For example, a test that an IfStatement of the Robot_Kaja language can be transformed into a WhileStatement by typing while in front of the if keyword would look as follows:
In the code section the jetbrains.mps.lang.test language gives you several options to invoke user-initiated actions - use type, press keys, invoke action or invoke intention. Obviously you can combine the special test commands for the plain baseLanguage code.
In order to be able to specify the desired actions and intentions, you need to import their models into the test model. Typically the jetbrains.mps.ide.editor.actions model is the most needed one when testing the editor reactions to user-generated actions.
To mark the position of the caret in the code, use the appropriate intention with the cursor located at the desired position:
The cursor position can be specified in both the before and the after code:
The cell editor annotation has extra properties to fine-tune the position of the caret in the annotated editor cell. These can be set in the Inspector panel.
Some editor tests may wish to inspect the state of the editor more thoroughly. The editor component expression gives you access to the editor component under cursor. You can inspect its state as well as modify it, like in these samples:
The is intention applicable expression let's you test, whether a particular intention can be invoked in the given editor context:
You can also get hold of the model and project using the model and project expressions, respectively.
Migrations tests can be used to check that migration scripts produce expected results using specified input.
To create a migration test case you should specify its name and the migration scripts to test. In many cases it should be enough to test individual migration scripts separately, but you can safely specify more than one migration script in a single test case, if you need to test how migrations interact with one another.
Additionally, migration test cases contain nodes to be passed into the migration process and those also nodes that are expected to come out as the ouptut of the migration.
When running, migration tests behave the following way:
To simplify the process of writing migration tests, the expected output can be generated automatically from the input nodes using the currently deployed migration scripts. To do this, use the intention called 'Generate Output from Input'.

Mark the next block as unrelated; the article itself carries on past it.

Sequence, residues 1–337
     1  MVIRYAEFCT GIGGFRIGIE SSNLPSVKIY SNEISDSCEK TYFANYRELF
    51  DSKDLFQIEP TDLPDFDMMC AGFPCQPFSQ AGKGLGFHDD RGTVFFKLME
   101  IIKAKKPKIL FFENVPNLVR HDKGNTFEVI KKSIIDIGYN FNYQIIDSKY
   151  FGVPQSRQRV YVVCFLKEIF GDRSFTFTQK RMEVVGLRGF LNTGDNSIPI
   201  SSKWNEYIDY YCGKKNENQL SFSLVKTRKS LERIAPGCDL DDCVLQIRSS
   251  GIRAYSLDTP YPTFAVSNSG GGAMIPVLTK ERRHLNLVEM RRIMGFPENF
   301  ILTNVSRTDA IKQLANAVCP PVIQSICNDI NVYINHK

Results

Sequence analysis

To run tests in a model, just right-click the model in the Project View panel and choose Run tests:
If the model contains any of the jetbrains.mps.lang.test tests, a new instance of MPS is silently started in the background (that's why it takes quite some time to run these compared to plain baseLanguage unit tests) and the tests are executed in that new MPS instance. A new run configuration is created, which you can then re-use or customize:
The Run configurations dialog gives you options to tune the performance of tests.
Execute in the same process - to speed up testing tests can be run in a so-called in-process mode. It was designed specifically for tests, which need to have an MPS instance running. (For example, for the language type-system tests MPS should safely be able to check the types of nodes on the fly.)
The original way was to have a new MPS instance started in the background and run the tests in this instance. This option, instead, allows to have all tests run in the same original MPS process, so no new instance needs to be created. When the option Execute in the same process is set (the default setting), the test is executed in the current MPS environment. To run tests in the original way (in a separate process) you should uncheck this option. This way of tests' execution is applicable to all test kinds in MPS. Thus it works even for the editor tests!
Although the performance is so much better for in-process test execution, there are certain drawbacks in this workflow. Note, that the tests are executed in the same MPS environment that holds the project, so there is a possibility, that the code you write in your test may be potentially dangerous and sometimes cause real harm. For example, a test, which disposes the current project, could destroy the whole project. So the user of this feature needs to be careful when writing the tests.
The test report is shown in the Run panel at the bottom of the screen:
In order to have your generated build script offer the test target that you could use to run the tests using Ant, you need to import the jetbrains.mps.build.mps and jetbrains.mps.build.mps.tests languages into your build script, declare using the module-tests plugin and specify a test modules configuration.
To define a macro that Ant will pass to JUnit (e.g. for use in TestInfo roots in your tests), prefix it with
With the new JUnit test suite (jetbrains.mps.idea.core.tests.PluginsTestSuite) it is possible to execute editor tests for your languages in IntelliJ IDEA, when using the MPS plugin. To make use of this functionality you have to create a simple ANT script that will install all the necessary plugins into the IntelliJ platform and executing the tests by specifying test module name(s).